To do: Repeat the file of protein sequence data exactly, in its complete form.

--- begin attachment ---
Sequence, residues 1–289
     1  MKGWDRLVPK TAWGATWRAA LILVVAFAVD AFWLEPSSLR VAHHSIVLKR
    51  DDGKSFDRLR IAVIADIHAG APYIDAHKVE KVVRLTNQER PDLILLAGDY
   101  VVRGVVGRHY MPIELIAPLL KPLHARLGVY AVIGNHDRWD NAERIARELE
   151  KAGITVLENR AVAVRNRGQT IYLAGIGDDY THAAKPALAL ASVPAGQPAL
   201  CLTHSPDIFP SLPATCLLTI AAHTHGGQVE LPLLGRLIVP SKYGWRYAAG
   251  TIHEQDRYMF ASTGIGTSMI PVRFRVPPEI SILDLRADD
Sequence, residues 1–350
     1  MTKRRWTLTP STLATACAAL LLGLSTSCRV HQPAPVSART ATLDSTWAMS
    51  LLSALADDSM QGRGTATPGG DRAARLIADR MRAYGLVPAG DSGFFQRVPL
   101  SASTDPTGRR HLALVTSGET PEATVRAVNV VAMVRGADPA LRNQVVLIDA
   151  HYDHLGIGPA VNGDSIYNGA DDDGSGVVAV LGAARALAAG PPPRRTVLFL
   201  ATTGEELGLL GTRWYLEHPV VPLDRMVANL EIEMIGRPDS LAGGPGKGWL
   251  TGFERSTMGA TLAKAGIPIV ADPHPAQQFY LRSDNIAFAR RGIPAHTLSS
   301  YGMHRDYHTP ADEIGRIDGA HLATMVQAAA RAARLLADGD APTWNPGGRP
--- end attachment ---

Sequence, residues 1–289
     1  MKGWDRLVPK TAWGATWRAA LILVVAFAVD AFWLEPSSLR VAHHSIVLKR
    51  DDGKSFDRLR IAVIADIHAG APYIDAHKVE KVVRLTNQER PDLILLAGDY
   101  VVRGVVGRHY MPIELIAPLL KPLHARLGVY AVIGNHDRWD NAERIARELE
   151  KAGITVLENR AVAVRNRGQT IYLAGIGDDY THAAKPALAL ASVPAGQPAL
   201  CLTHSPDIFP SLPATCLLTI AAHTHGGQVE LPLLGRLIVP SKYGWRYAAG
   251  TIHEQDRYMF ASTGIGTSMI PVRFRVPPEI SILDLRADD
Sequence, residues 1–350
     1  MTKRRWTLTP STLATACAAL LLGLSTSCRV HQPAPVSART ATLDSTWAMS
    51  LLSALADDSM QGRGTATPGG DRAARLIADR MRAYGLVPAG DSGFFQRVPL
   101  SASTDPTGRR HLALVTSGET PEATVRAVNV VAMVRGADPA LRNQVVLIDA
   151  HYDHLGIGPA VNGDSIYNGA DDDGSGVVAV LGAARALAAG PPPRRTVLFL
   201  ATTGEELGLL GTRWYLEHPV VPLDRMVANL EIEMIGRPDS LAGGPGKGWL
   251  TGFERSTMGA TLAKAGIPIV ADPHPAQQFY LRSDNIAFAR RGIPAHTLSS
   301  YGMHRDYHTP ADEIGRIDGA HLATMVQAAA RAARLLADGD APTWNPGGRP